January 16, 2011

Seneca Indians Quick Overview


Seneca Indians were the westernmost indian nation within the Six Nations or Iroquois League, also known as the Iroquois Confederacy. They are also known as “Iroquois Indians.”

The word ‘Seneca‘ came from the name of one of their villages, Osininka. Seneca Indians called themselves Onandowaga, which means “People of the Great Hill.”

Traditionally, the Seneca Indians lived in what is now present New York between the Genesee River and Canandaigua Lake

Recent archaeological evidences indicate that these people lived all the way down to the Allegany River into what is now upper North Western Pennsylvania.

Seneca Indian history can be traced back before the formation of the Iroquois League.

The Seneca Indians were an independanat tribe of people long before the Iroquois Confederacy was formed. The Seneca Indian nation was one of the original members of the Iroquois League, or Kanonsionni (league of clans) formed in 1142.

The Mohawk, the Oneida , the Cayuga, the Onondaga, and the Tuscarora were the other members of the Iroquois Confederacy. These people today call themselves the Haudenosaunee (people of the longhouse) or Six Nations.

Seneca Indians were called “Keepers of the Western Door” because they settled and lived the farthest west of all the Nations within the Haudenosaunee. The Seneca were by far the most populous of the Haudenosaunee Nations, with the ability to raise over 10,000 warriors by the 17th century (Wallace, 1969).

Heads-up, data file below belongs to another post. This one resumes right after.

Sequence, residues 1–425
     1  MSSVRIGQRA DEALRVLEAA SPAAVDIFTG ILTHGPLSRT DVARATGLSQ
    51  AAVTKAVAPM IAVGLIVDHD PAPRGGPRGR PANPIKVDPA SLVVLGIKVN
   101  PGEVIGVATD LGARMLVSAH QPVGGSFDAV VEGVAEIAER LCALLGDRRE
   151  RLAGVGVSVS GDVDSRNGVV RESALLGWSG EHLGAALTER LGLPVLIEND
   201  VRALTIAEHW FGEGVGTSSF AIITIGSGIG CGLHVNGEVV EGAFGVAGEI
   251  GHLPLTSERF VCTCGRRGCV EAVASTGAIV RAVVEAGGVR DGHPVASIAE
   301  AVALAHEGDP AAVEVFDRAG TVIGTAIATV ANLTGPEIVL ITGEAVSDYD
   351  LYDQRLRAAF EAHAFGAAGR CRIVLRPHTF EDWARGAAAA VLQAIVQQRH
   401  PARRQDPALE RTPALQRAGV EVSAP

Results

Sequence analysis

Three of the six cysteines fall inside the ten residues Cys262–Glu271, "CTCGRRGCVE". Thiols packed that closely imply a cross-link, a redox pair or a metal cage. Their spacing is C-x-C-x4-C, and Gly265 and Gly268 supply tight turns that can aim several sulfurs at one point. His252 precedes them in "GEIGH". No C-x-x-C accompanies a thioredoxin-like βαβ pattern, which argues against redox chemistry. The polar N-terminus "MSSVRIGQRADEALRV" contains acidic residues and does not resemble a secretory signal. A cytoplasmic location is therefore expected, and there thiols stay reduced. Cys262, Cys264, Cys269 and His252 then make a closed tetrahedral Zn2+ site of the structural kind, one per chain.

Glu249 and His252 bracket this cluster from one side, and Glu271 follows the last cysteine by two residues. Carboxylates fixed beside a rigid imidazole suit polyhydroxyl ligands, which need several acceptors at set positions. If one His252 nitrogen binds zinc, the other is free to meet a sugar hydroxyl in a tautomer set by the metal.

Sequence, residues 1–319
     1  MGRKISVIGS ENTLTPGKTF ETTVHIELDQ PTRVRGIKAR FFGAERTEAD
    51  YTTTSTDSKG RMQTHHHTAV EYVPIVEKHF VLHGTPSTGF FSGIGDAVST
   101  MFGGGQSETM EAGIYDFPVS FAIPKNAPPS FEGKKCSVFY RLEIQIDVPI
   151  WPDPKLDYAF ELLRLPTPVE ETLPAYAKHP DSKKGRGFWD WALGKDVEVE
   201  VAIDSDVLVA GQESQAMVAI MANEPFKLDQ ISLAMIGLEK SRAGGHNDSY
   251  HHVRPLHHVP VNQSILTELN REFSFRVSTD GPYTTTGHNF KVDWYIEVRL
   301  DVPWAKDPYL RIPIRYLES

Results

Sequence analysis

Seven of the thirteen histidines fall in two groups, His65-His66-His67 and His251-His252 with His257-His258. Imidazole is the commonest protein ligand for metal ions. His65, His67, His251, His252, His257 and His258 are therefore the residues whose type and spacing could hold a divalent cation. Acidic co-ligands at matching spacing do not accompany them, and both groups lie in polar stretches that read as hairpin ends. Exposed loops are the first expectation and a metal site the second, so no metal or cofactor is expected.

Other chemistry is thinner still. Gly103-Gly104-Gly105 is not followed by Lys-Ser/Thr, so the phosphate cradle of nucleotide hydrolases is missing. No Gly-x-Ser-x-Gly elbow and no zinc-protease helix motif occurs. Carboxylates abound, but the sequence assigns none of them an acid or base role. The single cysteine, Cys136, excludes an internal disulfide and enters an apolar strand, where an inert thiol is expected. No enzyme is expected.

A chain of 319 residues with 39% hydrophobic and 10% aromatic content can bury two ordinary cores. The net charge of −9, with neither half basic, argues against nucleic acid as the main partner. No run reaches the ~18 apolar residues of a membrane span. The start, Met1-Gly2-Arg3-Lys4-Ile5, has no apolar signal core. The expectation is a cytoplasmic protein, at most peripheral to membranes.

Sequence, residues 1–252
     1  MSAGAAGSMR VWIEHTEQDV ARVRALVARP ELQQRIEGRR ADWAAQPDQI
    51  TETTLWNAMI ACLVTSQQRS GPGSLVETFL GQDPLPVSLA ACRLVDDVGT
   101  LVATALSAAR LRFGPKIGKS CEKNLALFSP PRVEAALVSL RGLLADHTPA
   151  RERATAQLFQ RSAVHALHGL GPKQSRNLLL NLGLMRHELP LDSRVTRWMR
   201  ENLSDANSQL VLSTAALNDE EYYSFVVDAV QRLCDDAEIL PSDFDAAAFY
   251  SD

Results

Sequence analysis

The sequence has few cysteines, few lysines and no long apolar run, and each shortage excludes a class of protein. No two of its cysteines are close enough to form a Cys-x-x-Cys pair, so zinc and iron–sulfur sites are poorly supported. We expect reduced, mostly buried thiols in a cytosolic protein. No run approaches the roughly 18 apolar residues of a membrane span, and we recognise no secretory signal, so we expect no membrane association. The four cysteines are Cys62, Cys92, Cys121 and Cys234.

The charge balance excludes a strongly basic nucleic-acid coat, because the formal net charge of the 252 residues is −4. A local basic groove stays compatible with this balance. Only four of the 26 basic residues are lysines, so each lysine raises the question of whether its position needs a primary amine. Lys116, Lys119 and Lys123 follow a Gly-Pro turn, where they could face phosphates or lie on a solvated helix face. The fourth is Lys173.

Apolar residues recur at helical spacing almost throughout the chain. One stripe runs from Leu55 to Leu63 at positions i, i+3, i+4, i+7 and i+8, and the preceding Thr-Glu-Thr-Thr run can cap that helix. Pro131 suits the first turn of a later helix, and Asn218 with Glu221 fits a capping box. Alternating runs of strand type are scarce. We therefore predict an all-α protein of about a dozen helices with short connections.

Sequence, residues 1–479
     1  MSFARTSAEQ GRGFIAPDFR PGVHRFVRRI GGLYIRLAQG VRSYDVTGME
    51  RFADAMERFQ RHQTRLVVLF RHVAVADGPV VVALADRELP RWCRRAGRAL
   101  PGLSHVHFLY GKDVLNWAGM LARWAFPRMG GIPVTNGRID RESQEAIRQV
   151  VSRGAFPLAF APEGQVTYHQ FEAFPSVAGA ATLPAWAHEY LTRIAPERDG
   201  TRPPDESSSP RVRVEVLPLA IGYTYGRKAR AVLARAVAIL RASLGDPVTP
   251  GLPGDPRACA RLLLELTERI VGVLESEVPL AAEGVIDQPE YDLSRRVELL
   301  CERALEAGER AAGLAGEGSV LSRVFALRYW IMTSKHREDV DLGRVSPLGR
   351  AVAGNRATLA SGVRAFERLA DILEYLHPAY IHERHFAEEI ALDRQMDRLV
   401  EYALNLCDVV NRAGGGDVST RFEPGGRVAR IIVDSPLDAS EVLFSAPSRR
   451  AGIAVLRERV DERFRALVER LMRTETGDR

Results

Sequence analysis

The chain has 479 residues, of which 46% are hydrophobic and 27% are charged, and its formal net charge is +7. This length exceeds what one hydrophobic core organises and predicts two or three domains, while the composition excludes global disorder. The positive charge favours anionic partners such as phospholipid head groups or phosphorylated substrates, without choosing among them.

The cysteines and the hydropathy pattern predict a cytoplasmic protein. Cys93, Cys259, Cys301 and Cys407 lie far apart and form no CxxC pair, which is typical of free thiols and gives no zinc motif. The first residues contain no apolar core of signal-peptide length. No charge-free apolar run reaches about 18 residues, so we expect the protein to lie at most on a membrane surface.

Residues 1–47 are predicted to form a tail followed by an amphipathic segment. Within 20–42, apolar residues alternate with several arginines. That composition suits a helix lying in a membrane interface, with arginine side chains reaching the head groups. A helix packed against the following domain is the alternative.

The major occupations of the Seneca Indian tribal people were agriculture, hunting and fishing.

Seneca men were in charge of hunting, trading, and war, and Seneca women were in charge of farming, property, and family.

The Seneca Nation economy was based on the cultivation of corn, beans, and squash. These staple foods of the Haudenosaunee were called the Three Sisters. Seneca women grew and harvested the corn, beans, and squash. The women also gathered medicinal plants, roots, berries, nuts, and fruits. Women also tended to domesticated animals like deer, dogs, and turkeys.

Seneca women possessed ownership of all the land and the homes.

Seneca Indian tribes were ruled by Seneca women who made all the important decision regarding the land and resources. The woman in charge of a clan was called a Clan Mother.
,br> The Seneca chiefs made military decisions and trade agreements. Seneca men maintained the traditional title of War Sachems within the Haudenosaunee. A Seneca war sachem was in charge of gathering the warriors of the Haudenosaunee and leading them into battle.

Seneca men represented the Seneca Nation at the Iroquois Great Council, but only women voted to elect the Seneca representatives. Seneca Indian tribes people took part in storytelling, artwork and music, and traditional medicine.

Seneca Indians lived in longhouses that are also called iroquois indian longhouses.

Iroquois indian longhouses were large wood-frame buildings covered with sheets of elm bark. The houses could be a hundred feet long, and an entire clan lived in each one- up to 60 people. Their villages were surrounded by palisades due to warfare.

During the 19th Century these people adopted the customs and religions of immediate American neighbors and started building log cabins, practicing Christianity, and developed a more local agricultural economy. Presently, 15,000 to 25,000 (approx) Seneca Indians live in the United States and Canada, specifically in western New York, Oklahoma and near Brantford, Ontario.

Seneca Indians
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